Custom bikes are a cross or combination between a cruiser and a sport bike, but more cruiser than anything else. The Honda Fury is one of a few customs that you can buy from a large manufacturer. Most customs are designed and manufactured by much smaller outfits, which makes each custom creation very expensive.

Choppers are the pinnacle of customs with their style and wild attitude. Customs are not about safety or comfort, but all about style and attitude. More often than not, they also have a lot of power for flashy, loud exits. The long forks, uncluttered fit and finish, and seamless engine compartment create a visual master piece. Bikes like the Honda Fury give not only give you a fun ride, but are also works of art. Advantages: Power, style, style and more style. Oh, and attitude.


The Can Am Spyder is most unique bike in this line-up with its signature three wheel stance. Unlike a traditional bike, a three wheeled motorcycle like the Can Am Spyder is much more stable. If you are somewhat intimidated by two wheel bikes, falling over, a three wheeled set up could be for you. It is also much easier to convince your girlfriend or wife to ride a three wheel bike over a two wheeled bike. The Spyder had good speed, nice comfort, lots of passenger space and good cargo space. And with the two wheels up front, it is more stable than three wheeled bikes that have only one wheel up front.  Oh and I almost forgot, the Can Am Spyder is pretty fast too! Advantages: stability, comfort and versatility.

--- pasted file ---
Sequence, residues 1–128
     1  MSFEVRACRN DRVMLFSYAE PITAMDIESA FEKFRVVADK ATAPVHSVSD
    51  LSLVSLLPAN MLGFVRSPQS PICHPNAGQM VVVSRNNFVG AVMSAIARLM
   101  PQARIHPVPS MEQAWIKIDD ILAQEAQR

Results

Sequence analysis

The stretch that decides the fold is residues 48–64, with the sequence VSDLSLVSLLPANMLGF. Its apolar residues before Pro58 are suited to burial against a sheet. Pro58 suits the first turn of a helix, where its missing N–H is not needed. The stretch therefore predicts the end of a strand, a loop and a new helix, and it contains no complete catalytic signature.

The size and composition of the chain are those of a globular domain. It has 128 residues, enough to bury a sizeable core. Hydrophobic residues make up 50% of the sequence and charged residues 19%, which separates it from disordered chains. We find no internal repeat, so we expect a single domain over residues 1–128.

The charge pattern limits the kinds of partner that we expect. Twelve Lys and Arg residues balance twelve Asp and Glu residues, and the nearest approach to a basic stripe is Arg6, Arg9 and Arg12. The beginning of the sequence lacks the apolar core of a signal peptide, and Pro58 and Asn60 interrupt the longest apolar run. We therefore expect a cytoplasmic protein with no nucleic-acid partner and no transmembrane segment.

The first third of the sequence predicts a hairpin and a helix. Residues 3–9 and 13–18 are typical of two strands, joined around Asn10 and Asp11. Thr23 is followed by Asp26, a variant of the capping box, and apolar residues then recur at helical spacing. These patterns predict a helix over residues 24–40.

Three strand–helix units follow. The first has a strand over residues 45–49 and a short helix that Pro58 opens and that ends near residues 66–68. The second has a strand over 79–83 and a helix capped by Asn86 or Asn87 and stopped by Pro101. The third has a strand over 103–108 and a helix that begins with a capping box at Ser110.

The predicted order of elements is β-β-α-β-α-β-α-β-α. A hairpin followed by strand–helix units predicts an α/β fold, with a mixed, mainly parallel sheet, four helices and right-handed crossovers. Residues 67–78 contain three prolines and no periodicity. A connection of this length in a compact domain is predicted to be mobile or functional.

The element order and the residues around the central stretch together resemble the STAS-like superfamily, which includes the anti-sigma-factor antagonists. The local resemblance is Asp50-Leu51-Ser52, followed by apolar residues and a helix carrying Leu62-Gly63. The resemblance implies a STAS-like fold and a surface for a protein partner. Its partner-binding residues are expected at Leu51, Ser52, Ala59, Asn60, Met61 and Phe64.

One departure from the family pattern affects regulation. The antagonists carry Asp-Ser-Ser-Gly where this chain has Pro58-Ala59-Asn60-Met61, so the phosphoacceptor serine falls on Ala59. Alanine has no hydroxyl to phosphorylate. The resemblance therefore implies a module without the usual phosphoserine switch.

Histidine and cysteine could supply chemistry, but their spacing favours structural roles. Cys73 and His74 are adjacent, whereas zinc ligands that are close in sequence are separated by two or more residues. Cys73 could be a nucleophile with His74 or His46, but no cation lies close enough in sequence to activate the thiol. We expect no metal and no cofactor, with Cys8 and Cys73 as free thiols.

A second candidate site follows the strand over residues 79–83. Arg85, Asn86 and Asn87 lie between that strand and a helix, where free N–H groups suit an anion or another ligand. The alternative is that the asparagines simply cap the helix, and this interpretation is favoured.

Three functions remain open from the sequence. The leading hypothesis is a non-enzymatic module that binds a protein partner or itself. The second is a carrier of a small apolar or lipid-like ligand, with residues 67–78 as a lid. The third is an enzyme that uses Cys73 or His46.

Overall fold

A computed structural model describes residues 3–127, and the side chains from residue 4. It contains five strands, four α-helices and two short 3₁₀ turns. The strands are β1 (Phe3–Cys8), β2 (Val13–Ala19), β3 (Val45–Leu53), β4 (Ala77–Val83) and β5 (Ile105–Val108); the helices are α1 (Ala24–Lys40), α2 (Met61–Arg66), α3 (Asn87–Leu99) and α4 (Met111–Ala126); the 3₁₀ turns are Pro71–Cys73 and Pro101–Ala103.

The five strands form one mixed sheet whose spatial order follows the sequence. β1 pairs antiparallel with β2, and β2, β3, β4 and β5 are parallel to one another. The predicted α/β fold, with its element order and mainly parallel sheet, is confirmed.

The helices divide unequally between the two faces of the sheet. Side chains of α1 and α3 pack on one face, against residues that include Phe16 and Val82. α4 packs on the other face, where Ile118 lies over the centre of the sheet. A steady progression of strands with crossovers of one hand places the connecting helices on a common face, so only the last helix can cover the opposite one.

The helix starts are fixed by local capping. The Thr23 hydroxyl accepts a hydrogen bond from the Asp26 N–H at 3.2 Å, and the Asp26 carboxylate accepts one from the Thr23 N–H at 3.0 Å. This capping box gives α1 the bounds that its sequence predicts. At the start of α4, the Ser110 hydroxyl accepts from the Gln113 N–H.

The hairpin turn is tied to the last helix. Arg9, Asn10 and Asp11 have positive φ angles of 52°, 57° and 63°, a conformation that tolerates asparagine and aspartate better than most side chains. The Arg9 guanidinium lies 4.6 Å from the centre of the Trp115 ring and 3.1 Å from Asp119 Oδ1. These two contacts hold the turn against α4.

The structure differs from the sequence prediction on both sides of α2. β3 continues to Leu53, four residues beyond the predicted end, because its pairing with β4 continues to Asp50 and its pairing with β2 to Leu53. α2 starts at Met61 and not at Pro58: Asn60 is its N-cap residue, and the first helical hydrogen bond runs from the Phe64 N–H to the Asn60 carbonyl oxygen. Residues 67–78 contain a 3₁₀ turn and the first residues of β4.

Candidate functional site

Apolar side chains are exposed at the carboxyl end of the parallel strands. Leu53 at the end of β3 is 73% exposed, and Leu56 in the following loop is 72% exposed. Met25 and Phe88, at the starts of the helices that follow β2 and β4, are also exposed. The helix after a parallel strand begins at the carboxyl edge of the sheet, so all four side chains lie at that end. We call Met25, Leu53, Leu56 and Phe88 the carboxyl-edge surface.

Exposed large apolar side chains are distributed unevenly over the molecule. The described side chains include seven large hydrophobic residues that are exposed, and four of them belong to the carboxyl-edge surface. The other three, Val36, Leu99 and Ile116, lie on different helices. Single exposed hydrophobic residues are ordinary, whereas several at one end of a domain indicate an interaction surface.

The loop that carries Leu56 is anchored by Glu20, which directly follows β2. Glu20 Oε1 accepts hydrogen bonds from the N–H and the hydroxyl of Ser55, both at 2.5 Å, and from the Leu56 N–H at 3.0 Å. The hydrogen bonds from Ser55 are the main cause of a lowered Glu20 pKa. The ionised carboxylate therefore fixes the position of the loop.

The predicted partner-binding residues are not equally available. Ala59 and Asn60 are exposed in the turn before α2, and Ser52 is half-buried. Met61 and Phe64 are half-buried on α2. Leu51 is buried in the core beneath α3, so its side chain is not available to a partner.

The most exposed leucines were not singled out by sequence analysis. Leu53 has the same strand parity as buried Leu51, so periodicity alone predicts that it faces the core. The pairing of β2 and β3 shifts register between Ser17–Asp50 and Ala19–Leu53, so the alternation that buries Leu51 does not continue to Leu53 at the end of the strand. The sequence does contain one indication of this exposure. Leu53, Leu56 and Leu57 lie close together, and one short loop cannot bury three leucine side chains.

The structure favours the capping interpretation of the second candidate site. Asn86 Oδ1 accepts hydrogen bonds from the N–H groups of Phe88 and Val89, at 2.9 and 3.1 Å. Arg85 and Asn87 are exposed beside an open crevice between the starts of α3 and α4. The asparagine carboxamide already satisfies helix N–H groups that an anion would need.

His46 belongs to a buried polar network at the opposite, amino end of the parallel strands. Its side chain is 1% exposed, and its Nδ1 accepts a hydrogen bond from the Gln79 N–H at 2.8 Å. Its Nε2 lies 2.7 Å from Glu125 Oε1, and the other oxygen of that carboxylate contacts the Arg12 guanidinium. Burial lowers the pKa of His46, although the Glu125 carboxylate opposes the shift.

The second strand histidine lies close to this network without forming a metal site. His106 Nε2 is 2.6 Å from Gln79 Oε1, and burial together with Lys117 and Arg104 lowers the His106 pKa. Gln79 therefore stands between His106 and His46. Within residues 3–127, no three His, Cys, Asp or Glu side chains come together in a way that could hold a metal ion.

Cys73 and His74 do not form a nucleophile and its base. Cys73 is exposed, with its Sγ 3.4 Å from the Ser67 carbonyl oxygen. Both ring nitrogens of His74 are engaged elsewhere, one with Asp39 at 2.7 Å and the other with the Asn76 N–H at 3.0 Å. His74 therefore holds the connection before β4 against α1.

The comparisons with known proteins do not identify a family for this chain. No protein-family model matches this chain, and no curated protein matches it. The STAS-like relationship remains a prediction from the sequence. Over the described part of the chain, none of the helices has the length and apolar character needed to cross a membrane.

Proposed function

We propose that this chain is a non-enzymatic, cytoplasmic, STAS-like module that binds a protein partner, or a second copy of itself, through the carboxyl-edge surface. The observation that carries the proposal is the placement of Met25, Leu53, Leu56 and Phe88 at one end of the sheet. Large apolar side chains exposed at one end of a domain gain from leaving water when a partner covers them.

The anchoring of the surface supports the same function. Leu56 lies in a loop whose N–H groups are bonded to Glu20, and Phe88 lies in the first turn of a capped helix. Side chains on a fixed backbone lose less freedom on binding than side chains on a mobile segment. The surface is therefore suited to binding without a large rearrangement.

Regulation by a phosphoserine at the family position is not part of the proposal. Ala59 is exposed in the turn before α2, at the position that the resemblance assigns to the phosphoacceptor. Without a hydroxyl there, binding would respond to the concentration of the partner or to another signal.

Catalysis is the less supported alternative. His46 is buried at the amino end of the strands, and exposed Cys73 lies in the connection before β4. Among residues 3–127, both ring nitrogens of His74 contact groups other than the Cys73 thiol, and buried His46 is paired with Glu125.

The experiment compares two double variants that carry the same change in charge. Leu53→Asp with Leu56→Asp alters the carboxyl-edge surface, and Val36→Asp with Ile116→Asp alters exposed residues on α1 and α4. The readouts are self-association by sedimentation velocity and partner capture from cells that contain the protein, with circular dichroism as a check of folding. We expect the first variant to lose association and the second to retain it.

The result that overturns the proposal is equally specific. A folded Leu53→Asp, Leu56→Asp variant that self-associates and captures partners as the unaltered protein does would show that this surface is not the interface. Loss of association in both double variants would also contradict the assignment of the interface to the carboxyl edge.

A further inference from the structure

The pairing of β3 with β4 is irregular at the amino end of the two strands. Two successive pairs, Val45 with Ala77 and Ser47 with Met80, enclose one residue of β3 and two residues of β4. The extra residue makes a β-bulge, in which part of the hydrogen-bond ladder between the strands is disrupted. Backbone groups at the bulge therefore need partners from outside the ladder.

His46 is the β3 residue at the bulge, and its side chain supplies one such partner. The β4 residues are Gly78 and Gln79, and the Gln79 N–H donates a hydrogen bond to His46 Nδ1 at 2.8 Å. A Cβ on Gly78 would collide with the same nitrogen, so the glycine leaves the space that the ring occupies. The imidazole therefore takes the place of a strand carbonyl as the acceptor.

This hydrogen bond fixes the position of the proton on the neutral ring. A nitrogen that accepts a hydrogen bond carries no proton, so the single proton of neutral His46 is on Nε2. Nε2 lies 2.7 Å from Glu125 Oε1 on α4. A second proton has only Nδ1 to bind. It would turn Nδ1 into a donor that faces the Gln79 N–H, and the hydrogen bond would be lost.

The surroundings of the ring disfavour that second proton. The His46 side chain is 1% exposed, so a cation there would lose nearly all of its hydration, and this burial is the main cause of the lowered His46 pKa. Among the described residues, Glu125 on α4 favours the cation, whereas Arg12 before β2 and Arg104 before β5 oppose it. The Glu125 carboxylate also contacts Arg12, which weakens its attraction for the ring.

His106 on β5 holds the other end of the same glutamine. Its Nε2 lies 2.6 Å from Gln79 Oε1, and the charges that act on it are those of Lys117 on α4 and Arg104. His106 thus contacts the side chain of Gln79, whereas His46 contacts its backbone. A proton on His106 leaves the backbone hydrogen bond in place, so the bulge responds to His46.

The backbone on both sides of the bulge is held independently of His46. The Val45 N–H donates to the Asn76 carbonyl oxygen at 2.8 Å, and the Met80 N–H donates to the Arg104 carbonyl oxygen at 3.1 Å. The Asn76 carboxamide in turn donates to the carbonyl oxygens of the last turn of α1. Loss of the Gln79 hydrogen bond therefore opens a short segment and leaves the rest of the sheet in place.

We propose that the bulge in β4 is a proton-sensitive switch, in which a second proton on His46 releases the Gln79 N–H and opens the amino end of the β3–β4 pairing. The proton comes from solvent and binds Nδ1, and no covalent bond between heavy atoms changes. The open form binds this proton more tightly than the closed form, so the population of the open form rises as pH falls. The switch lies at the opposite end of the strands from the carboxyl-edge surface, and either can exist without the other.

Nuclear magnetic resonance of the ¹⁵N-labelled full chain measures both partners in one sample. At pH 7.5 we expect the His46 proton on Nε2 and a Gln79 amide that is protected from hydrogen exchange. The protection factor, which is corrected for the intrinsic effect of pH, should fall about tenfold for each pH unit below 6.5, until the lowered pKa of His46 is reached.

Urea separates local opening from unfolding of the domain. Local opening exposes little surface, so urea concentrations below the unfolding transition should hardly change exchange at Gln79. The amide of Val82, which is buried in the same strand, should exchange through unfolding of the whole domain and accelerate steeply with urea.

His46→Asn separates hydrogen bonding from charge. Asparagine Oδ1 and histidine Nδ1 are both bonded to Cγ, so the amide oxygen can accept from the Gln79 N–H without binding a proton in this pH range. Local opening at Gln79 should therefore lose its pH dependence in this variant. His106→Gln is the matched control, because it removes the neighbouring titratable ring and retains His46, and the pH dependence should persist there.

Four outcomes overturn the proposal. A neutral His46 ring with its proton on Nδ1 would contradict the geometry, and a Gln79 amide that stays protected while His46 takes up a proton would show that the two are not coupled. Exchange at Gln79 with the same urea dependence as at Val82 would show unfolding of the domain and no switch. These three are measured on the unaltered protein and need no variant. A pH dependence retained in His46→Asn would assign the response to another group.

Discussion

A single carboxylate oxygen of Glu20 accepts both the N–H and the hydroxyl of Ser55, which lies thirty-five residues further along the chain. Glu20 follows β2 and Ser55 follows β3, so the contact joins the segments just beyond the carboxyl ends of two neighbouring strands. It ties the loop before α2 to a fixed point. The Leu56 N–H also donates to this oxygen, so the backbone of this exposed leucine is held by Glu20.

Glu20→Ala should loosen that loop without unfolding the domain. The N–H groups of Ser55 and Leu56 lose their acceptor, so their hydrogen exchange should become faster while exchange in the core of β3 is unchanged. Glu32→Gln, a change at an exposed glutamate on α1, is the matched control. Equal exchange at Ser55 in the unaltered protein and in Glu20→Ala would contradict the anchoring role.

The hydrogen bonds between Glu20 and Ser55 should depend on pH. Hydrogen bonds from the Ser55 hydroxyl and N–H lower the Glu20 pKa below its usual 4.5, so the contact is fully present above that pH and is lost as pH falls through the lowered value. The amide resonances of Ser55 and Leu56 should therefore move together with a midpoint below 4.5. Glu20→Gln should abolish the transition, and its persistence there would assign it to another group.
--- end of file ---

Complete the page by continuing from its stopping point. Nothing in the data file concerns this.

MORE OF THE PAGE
A streetfighter also commonly known as a naked bike is a model that has no or a very few fairings. Like the Triumph Speed Triple, a naked bike is almost a sport bike but is higher off the ground with handle bars that are positioned higher. This helps if you are a bigger or a taller rider providing more leg room. And because the riding position is more upright, it is a more comfortable riding position.